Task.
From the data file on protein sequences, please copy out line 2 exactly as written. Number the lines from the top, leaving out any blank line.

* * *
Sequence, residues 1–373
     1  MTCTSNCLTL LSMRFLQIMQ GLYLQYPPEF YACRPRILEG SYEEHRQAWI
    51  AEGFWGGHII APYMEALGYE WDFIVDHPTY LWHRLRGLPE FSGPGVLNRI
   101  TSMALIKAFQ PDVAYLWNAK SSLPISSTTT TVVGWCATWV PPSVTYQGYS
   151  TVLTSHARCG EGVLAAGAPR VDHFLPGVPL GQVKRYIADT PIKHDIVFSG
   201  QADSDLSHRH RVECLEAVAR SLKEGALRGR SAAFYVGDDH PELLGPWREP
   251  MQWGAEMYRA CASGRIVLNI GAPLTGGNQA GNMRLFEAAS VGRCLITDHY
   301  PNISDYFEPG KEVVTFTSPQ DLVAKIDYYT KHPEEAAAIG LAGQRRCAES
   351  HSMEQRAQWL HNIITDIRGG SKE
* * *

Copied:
     1  MTCTSNCLTL LSMRFLQIMQ GLYLQYPPEF YACRPRILEG SYEEHRQAWI